Returning to the short-term agenda that we described, and on which I want to focus today, this to a significant extent mirrors the key elements that President Obama said in his Prague speech had to be attended to over the next few years, and in relation to which he pledged that America would play a leading role. The issues fall into three boxes: disarmament, non-proliferation, and building blocks for both.
As to the disarmament box, there are three crucial short term ingredients. First, successfully concluding the US-Russia START-treaty follow-on negotiation so as to significantly reduce the number of deployed strategic weapons on each side, and to lay the foundations for further deep bilateral reductions, crucial given that these two countries between have over 95 per cent of the world’s warheads. Second, for a major start to be made in reducing the role, or salience, of nuclear weapons in the military doctrines of the nuclear armed states -- with the US having a critical leadership role here. And third, for at least the foundations to be laid for a serious ongoing multilateral disarmament process, bringing in all the nuclear armed states other than the US and Russia.
The non-proliferation box of issues contains two very large items. First, to strengthen those aspects of the present non-proliferation regime which have demonstrably shown weakness: monitoring, verification and safeguards; compliance and enforcement; and the resources available to the IAEA itself. It is critical that countries not be able to shelter, as North Korea did and Iran may be trying to do, under the protection of the Non-Proliferation Treaty only to then purport to walk away from it, having acquired the capacity to actually build nuclear weapons: that process should not be as cost-free as it has tended to be in the past. The second big non-proliferation objective which needs to be accomplished in the short term is to somehow reverse, or at least contain, the problems that exist with North Korea and now stare us in the face in Iran.
The “building blocks” box again contains three key items. First, bringing the Comprehensive Test-Ban Treaty finally into force, so that we are no longer relying on the fragile voluntary moratorium which exists at the moment: this is crucial in ensuring that existing nuclear-armed states will not be able, by testing, to dramatically generationally change the character of their weapons, and to help ensure that there won't be horizontal proliferation with new players coming into the game. Second, to negotiate and bring into force a new treaty to ban the production of fissile material for weapons purposes. And third, to effectively implement all the measures which have been agreed to be necessary to guarantee nuclear security -- to ensure that nuclear weapons and materials remain under safe lock and key wherever they are -- which is the subject matter of the Obama summit in Washington in April.
In addition to these three groups of short-term issues, President Obama in Prague also referred to (as does our Commission report in great detail) the need to build a new framework of civil nuclear cooperation, including the possible establishment of an international fuel bank designed to negate the downside risks of a dramatic global expansion in civil nuclear energy -- to ensure, in effect, that the enrichment and reprocessing “bomb starter kits” to which I have referred don’t get built, or if they do, are under some kind of international supervision.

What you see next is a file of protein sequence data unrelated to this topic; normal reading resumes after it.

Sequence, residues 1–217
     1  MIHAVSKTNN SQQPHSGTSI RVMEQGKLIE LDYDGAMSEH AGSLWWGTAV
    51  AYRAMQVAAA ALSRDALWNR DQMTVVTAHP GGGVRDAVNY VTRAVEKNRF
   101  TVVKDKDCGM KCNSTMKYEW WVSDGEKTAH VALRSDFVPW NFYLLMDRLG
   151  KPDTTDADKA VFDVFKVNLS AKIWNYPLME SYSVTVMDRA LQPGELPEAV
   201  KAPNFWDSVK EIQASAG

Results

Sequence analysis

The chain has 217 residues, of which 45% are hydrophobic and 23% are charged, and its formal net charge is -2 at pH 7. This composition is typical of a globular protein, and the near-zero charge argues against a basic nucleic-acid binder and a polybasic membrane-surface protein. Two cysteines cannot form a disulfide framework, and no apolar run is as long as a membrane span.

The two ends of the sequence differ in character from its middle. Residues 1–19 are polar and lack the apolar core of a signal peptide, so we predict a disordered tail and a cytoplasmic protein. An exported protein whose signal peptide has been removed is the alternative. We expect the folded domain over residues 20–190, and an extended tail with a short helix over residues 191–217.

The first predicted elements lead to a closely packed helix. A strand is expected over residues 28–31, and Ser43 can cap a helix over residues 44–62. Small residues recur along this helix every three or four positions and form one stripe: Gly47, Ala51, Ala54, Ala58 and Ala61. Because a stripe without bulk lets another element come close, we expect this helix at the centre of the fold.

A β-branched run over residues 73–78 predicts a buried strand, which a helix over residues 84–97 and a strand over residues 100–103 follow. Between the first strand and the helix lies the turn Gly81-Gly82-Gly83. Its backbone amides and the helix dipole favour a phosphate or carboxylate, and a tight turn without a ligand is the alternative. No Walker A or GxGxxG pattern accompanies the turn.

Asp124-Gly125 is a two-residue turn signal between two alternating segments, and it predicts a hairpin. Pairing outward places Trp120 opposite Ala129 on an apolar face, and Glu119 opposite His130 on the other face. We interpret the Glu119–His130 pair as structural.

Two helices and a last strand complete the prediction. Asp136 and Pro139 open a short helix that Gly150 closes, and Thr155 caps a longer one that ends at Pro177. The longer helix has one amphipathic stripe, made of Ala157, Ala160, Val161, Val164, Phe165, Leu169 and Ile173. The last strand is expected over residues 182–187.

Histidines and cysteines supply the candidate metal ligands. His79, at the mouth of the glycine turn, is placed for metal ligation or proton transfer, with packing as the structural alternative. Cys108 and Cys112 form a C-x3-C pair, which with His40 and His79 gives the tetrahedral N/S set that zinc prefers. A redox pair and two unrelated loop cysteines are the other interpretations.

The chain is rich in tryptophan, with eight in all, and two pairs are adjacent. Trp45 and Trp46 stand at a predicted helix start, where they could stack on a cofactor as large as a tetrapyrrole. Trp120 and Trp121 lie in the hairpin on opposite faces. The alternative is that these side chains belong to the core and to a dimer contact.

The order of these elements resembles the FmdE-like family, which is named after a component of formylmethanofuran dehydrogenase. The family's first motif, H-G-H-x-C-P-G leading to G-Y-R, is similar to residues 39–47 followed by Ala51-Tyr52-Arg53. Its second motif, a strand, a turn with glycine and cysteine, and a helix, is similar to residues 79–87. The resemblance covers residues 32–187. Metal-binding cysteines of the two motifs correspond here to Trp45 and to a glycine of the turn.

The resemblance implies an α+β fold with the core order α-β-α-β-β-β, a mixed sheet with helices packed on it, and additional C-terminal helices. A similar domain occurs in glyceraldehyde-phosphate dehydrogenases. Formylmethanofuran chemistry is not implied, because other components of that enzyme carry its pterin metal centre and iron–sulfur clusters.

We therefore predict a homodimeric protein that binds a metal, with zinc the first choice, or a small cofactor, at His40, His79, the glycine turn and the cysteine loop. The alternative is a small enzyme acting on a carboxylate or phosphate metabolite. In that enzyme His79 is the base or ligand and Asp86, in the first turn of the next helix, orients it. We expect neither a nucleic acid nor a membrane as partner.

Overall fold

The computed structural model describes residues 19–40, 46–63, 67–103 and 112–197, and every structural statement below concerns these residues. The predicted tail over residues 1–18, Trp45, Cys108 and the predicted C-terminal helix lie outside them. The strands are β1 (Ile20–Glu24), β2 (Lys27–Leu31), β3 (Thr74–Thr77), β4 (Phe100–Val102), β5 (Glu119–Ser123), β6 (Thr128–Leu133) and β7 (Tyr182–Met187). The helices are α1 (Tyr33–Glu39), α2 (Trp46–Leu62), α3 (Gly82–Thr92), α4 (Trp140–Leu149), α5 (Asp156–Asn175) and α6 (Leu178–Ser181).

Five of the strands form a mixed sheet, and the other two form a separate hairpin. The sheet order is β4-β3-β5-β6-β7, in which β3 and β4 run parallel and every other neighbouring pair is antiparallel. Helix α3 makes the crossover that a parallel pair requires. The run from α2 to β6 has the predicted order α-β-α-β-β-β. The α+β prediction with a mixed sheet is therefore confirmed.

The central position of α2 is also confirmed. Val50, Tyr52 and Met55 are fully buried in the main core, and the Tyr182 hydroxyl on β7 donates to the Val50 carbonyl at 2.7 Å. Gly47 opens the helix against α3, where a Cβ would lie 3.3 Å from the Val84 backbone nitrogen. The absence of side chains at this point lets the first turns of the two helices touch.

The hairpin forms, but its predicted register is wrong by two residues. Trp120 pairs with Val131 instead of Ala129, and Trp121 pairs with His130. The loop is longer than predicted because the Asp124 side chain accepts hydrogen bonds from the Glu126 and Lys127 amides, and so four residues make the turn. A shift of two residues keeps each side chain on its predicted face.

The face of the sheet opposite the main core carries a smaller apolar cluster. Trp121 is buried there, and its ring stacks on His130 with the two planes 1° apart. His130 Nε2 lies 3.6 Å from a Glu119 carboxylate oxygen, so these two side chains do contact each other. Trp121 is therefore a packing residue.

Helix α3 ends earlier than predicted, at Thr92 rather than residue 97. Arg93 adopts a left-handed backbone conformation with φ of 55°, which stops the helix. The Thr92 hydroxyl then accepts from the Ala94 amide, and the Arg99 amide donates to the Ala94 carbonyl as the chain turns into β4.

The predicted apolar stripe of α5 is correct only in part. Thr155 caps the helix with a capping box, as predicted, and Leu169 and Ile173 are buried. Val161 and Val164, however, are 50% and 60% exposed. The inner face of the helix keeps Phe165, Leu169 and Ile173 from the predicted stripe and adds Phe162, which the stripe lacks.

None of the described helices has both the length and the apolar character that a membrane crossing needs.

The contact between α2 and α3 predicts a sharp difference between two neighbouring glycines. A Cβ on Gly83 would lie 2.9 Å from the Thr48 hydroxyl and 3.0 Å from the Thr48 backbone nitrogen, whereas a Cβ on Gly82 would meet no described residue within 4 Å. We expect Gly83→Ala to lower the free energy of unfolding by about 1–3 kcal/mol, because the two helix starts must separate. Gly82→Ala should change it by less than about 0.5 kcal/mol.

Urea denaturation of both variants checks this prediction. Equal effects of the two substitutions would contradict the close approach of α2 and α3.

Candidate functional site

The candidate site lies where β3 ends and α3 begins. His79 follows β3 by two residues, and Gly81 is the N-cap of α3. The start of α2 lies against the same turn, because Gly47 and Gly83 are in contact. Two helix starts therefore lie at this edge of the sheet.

Given ASPI’s Asia-Pacific focus, what are the implications of all this for this region? It is worth making the point that while reference to the Asia-Pacific only tangentially occurred in the Obama speech last year, it is obviously the case that this is one of the three geographic regions of the world in which the world's nuclear future will in fact be played out; the other two being the Euro-Atlantic space, and the Middle East. Getting right the North Korean case is being seen as a wholly Asia-Pacific enterprise, with the six-party talks comprising entirely regional players. In this case, and other non-proliferation contexts as well -- not least Iran -- China’s cooperative role is being seen as absolutely crucial. So too in the case of disarmament: even though the primary focus, worldwide, is on the US and Russia -- understandably so since they between them possess 22,000 of the world's 23,000 nuclear weapons -- all eyes, thereafter, are on China to see what happens next and whether it becomes a serious player in the disarmament game. And what happens in China in this respect will very much determine how the other two members of that key Asian triad, India and Pakistan, react to pressure to move into at least the prelude to a serious disarmament exercise.
Key regional countries will also be important in determining whether there is early movement on the issue of nuclear doctrine, viz. reducing the role of nuclear weapons in strategic policy. How adventurous the US is prepared to be in taking the lead in reducing the role of nuclear weapons in its own doctrine will depend in significant part on its perceptions of what its North East Asian allies - Japan and South Korea in particular - think about that. In the case of the Comprehensive Test-Ban Treaty, a key reason for President Obama’s willingness to pursue “aggressively” its ratification by the US was to unlock the resistance to ratifying the treaty, by the key Asian players -- China, India and Pakistan -- with the hope that thereafter, that sentiment would flow through to the Middle East holdouts. And in the fissile material cut-off treaty negotiation, Asia is again centre stage with the critical issue now being the attitude of Pakistan, which has taken upon itself to block that process in Geneva, with wide-ranging consequences the world must now address.